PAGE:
I cannot see any reason for death to be illegal. It's your life. As long as you are a sane, rational person, do with it what you will. Obviously, we need to understand and help those who are suicidal, as this is a psychological and psychiatric issue. As a result, most countries have decriminalized suicide (anyhow the criminalization of suicide stems from religion more than criminal law). Although there is plenty of room for improvement, attitudes to mental illness and depression have changed. Most people have a greater understanding of this as a medical issue, and many have been affected by, or know someone, who has been affected by depression. Hopefully our greater awareness as a society will help prevent suicides related to mental illness. Dervala* has talked eloquently about both depression,** the available medicines to treat this, and suicide prevention over at her blog.

The desire to commit suicide, not because you have a mental illness, but because you have a terminal physical one, makes a lot of common sense. What sane person would want to die slowly and painfully? We have a close family friend who has had MS for over three decades. The last decade has been awful. Her body has absoluely shut down. She has no way of communicating and has been under hospice care for at least 10 years. That has to be the seventh ring of hell. What is served by prolonging her life? My guess is her death, when it comes, will be a great relief to all who love her. I say this with no knowledge of her family’s position on this, but from a personal perspective. I would never want to watch a loved one suffer like this, nor suffer it myself.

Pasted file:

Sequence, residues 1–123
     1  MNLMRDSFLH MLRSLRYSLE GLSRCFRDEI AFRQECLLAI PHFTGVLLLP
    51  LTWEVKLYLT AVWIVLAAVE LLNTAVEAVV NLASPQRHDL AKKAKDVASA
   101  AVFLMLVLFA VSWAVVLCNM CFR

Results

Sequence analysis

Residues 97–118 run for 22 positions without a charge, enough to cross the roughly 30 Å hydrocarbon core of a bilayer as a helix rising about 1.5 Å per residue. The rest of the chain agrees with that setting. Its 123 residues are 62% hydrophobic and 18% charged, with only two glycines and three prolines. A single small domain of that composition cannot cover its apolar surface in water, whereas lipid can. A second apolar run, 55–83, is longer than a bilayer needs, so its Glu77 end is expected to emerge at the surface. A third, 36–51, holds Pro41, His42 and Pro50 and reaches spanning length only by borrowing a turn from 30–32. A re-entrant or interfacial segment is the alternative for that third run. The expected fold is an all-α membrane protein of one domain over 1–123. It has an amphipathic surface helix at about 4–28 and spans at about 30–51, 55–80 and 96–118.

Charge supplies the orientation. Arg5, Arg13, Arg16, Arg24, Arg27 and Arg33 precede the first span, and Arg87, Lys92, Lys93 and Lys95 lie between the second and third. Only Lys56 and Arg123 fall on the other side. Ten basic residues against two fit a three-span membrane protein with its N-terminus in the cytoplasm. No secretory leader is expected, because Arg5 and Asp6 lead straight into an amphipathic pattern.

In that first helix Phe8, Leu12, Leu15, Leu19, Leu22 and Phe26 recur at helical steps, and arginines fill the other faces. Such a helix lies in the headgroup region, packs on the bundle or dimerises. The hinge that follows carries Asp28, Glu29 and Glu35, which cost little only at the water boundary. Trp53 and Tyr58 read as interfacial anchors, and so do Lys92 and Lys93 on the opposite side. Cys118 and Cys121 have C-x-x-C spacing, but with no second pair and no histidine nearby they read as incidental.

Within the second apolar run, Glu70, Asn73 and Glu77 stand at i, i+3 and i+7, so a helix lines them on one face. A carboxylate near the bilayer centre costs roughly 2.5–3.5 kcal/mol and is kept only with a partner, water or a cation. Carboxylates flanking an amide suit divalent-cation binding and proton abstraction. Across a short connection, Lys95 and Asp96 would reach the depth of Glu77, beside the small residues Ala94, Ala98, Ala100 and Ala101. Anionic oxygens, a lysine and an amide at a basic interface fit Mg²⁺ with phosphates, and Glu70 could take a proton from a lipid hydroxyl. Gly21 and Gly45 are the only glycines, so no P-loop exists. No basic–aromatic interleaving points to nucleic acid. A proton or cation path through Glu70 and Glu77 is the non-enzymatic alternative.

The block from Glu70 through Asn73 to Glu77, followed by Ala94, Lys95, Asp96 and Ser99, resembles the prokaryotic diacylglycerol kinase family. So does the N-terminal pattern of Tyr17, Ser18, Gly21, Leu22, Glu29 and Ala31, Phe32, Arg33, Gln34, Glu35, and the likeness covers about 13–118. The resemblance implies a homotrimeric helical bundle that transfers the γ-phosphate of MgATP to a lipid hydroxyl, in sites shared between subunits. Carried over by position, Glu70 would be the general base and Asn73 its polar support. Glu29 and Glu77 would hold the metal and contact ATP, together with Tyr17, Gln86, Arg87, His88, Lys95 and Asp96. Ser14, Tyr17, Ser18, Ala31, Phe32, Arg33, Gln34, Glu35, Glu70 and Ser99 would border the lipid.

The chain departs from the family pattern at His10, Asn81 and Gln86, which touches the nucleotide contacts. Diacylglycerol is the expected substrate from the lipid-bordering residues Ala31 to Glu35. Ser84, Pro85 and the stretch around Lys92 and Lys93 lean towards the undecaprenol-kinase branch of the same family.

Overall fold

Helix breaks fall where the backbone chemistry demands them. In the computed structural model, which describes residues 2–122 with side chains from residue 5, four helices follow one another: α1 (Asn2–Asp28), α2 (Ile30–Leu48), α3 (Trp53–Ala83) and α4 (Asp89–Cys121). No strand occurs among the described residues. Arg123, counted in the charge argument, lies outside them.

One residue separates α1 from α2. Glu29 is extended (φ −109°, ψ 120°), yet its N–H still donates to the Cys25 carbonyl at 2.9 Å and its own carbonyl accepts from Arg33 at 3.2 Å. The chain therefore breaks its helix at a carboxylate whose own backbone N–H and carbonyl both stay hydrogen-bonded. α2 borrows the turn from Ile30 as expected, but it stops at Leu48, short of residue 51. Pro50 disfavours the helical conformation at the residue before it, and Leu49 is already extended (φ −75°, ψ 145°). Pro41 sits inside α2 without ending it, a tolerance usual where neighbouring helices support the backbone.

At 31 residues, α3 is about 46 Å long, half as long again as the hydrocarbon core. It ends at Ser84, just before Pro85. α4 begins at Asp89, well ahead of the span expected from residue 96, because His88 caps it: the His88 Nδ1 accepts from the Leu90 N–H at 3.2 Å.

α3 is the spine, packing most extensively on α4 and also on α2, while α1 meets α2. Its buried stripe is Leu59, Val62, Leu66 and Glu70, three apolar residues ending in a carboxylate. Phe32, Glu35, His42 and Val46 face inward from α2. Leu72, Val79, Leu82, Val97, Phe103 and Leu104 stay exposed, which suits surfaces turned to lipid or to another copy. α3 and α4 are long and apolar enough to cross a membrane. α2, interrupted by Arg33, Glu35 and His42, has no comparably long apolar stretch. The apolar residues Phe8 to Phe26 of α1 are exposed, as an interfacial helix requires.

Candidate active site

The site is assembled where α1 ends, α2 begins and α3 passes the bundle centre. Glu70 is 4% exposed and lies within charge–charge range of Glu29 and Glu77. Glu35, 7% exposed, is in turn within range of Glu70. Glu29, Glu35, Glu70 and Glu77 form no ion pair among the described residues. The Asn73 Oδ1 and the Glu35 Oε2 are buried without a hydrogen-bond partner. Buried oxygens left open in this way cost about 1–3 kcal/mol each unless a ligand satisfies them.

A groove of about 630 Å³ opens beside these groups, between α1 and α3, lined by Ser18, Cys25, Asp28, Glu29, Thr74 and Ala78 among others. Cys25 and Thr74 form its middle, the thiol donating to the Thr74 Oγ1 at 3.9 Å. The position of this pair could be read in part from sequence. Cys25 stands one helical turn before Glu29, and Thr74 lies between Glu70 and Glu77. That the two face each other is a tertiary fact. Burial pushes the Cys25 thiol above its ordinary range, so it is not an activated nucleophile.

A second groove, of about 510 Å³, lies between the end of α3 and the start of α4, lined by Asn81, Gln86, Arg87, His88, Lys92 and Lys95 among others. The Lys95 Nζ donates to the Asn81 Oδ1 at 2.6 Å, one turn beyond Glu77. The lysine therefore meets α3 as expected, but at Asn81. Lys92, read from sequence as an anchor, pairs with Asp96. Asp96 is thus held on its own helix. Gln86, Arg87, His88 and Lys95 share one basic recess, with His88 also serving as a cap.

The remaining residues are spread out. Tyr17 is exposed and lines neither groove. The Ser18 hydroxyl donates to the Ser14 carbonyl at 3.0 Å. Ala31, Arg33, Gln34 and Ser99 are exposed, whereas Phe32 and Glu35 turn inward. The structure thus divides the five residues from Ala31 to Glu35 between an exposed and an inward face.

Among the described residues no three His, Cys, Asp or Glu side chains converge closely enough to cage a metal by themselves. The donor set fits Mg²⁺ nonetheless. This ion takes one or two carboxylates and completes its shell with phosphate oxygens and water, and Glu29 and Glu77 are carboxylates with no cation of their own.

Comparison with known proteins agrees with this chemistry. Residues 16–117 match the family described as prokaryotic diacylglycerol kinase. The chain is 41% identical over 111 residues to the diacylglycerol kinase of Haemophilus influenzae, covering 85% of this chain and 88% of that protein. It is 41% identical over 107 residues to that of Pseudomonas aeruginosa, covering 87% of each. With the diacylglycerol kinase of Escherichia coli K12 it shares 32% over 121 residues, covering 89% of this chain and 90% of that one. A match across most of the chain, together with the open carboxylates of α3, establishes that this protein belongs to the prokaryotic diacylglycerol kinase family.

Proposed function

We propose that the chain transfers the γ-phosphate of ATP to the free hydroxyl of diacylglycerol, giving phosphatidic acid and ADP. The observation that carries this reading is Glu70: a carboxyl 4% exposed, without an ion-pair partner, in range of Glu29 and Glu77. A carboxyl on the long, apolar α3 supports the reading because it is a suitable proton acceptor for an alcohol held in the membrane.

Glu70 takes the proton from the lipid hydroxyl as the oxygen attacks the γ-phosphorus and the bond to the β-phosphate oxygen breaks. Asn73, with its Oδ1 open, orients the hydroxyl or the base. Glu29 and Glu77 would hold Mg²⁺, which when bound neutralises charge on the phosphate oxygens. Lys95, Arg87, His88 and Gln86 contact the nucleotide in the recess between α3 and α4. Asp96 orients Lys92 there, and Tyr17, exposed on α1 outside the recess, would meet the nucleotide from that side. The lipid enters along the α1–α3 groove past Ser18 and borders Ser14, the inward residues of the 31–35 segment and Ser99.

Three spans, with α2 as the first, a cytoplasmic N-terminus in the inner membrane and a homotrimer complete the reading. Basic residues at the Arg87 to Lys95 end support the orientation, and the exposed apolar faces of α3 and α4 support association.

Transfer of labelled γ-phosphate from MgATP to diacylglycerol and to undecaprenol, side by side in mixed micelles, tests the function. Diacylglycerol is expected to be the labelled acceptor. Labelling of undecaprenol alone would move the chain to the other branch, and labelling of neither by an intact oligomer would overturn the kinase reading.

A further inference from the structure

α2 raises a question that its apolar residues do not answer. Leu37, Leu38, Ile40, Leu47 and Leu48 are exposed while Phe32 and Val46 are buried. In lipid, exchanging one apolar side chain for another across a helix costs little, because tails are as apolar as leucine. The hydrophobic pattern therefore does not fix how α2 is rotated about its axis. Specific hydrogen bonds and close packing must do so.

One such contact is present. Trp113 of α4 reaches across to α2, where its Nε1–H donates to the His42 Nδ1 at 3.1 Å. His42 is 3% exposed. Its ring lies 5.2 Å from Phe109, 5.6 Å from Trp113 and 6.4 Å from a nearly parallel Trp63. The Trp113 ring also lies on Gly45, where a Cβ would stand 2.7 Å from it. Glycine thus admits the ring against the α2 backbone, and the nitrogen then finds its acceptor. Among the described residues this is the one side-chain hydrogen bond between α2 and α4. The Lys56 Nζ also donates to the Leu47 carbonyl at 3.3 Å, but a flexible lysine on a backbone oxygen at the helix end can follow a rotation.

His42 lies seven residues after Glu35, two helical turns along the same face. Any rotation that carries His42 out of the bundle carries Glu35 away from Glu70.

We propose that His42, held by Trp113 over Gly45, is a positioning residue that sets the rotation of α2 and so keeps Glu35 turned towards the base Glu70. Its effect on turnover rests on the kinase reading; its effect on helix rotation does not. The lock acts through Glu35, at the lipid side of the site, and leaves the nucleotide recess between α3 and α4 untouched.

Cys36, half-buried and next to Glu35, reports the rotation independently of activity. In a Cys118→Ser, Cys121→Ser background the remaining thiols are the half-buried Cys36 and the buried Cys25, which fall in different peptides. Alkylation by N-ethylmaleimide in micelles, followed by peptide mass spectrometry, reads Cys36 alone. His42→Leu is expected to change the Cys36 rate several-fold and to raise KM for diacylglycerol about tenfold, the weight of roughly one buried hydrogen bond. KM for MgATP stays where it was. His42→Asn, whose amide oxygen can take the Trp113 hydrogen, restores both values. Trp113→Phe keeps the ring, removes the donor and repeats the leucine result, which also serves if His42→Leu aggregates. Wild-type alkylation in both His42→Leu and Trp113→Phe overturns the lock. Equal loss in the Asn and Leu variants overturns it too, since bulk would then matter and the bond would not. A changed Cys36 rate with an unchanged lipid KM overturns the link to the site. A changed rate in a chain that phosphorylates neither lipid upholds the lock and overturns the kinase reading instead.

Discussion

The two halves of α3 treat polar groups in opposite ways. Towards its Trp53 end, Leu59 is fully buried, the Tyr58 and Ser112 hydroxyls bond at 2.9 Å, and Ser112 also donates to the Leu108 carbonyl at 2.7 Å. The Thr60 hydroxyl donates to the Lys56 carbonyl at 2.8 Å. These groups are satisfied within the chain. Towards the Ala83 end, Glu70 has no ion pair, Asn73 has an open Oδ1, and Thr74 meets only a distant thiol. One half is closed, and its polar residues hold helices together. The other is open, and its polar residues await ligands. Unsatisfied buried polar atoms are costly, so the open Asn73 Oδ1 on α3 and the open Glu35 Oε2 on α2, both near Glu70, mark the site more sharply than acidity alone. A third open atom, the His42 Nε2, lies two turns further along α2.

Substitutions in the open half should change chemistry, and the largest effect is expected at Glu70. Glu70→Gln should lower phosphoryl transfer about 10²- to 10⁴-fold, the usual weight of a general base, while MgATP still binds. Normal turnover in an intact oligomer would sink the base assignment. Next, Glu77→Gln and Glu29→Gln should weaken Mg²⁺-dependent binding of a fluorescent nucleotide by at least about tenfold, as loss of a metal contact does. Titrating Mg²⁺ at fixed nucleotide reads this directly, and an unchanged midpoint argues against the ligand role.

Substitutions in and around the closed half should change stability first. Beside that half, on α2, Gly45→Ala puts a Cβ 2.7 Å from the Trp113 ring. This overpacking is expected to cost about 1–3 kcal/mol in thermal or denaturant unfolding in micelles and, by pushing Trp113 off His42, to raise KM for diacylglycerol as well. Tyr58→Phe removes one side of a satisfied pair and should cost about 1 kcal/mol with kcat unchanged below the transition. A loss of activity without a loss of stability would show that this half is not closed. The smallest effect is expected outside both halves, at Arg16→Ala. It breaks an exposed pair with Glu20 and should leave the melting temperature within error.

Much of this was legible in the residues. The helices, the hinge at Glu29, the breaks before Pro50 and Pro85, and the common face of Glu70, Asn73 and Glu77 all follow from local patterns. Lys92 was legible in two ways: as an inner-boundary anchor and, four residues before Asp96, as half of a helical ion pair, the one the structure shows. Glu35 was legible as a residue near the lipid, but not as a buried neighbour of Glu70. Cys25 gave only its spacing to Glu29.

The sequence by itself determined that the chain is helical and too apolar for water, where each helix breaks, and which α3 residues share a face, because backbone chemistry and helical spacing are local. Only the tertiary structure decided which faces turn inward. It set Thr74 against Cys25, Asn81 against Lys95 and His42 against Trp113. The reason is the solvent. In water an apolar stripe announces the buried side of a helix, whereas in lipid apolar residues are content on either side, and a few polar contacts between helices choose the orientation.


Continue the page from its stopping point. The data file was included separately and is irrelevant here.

Now, obviously there has to be safeguards to avoid real criminal activity. There will always be someone willing to knock off mammy to get their greedy little hands on the family fortune. But that is murder and we already have laws against that. Everyone knows they will get old and die, and these days, most people get advance warning about death due to illness. The use of legal documents like living wills and family trusts enable us to detail what treatment we would like at every stage of the way. My wife and I recently created a family trust (added benefit of decreasing the tax burden on your loved ones should you die!), wherein we detailed what becomes of our property, who cares for our kids, and most importantly, what happens should we end up terminally ill and unable to make decisions for ourselves, or become brain dead and on life support. Shane, Maya, and Cian will find it difficult should they turn out to be patricidal or matricidal...

The rub is allowing medical staff to assist you. They administer potentially lethal levels of drugs to relieve pain for those on deaths door anyhow. My guess is most are around suffering so much that they would probably not have objections in terminal cases. However this is illegal today, no matter how awful the alternative means of death is, and make no mistake, many illness cause much greater suffering to the person involved and to their family and friends than helping them on their way. Assisted suicide would be a much kinder and gentler option.